I think that ought to inform our apologetic approach then on some level. Especially as our culture and the West becomes less culturally Christian, some of the shared assumptions are going to go away. Because of that, some of these hints that ought to help turn people towards God simply are not even on the radar. If our culture kind of understood the concept of sin, then we could talk about sin, and even if they did not believe in God, at least they would do what we are talking about. Right now, I am really not convinced that using that word is necessarily a way to connect with our culture. Not that there is anything wrong with the word sin, and it is a very important word. However, how we explain what sin is and the language we use needs to be accessible to our audience.
It is certainly not about watering down truth. We should never do that. We should not hesitate to call sin evil for example. That’s what it is. It separates us from God. We don’t want to make people think that it is okay. Rather, what I am saying is that the way we describe what sin is may require updated language for our time or at least a willingness to explain a term such as sin. That is the alternative of course. I say that sin separates us from God. Someone else might ask what sin actually is. I need to be able to explain what it is in the way that this person will understand it. Understanding is key. How can they learn to avoid sin or hate sin if they don’t even know what sin is?
I think this is vital for all of us as we think about communication and missing signs. There are lots of us who are quick to assume that the culture just doesn’t understand us. I am one of them, and I think it is true. By and large, secular culture does not understand Christians or Christian language. However, I expect them to pick up the implications and the signs that I am giving when I talk about Christian things. It just goes right over their head. It is not for lack of knowledge, insight, intelligence, or anything else. Rather, I would contend that there is a large break in word usage that leads to a lack of understanding. We need to be able to communicate the full truth with people around us, but it does not do very much good if they do not have any concept of what we are talking about.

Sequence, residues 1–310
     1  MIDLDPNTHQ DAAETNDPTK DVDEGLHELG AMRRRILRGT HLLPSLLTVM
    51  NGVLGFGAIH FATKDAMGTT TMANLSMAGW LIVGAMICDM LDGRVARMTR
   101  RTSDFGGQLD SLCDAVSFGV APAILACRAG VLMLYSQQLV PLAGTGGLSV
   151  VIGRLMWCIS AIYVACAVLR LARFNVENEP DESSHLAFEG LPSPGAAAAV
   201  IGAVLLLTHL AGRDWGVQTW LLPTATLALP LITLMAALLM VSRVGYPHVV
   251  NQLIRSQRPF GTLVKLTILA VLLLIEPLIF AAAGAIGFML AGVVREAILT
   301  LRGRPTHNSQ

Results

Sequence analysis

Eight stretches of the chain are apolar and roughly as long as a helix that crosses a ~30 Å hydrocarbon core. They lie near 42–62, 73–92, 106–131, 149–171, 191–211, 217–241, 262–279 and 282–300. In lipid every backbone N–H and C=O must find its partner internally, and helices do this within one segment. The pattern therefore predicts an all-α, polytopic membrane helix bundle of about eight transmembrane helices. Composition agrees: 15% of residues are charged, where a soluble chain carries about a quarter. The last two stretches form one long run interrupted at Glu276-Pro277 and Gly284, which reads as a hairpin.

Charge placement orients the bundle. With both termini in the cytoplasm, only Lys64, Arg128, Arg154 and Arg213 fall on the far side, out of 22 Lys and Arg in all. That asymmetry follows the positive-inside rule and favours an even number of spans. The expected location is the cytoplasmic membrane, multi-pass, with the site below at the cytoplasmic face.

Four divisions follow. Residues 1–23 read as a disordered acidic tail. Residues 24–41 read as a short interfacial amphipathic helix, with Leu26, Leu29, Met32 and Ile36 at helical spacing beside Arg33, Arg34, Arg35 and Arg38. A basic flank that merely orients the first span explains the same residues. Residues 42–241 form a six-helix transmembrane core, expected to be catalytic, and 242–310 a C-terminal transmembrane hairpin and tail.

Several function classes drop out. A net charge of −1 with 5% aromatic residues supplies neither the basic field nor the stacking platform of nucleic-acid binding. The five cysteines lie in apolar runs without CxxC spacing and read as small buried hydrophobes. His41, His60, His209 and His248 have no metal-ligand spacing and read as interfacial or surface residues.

You might be like me and not be very good at picking up signs. If you are like me, you would kind of hope that if you are missing the signs, someone will come along and read you into the situation. It kind of makes me think about CS Lewis’s The Silver Chair. Aslan had provided the children with a variety of signs to help them rescue the prince. They kept missing them largely because of their own forgetfulness, defiance, and frankly sinfulness. When they finally get back on track, they are very grateful. They feel better because they have gotten back to where they should have been in the first place. It feels good to be able to pick up signs.
As Christians then, let’s not be people who keep dropping signs that other people are going to miss. Instead, if they seem to be missing the signs that we are putting out there, maybe we should be a little bit more intentional, straightforward and relevant to the world that we occupy today. Never water down truth. Ever. That said, make sure the audience we are talking to actually understands the concepts we are trying to communicate with our language. We don’t change the concept, but we may need to use language that people understand.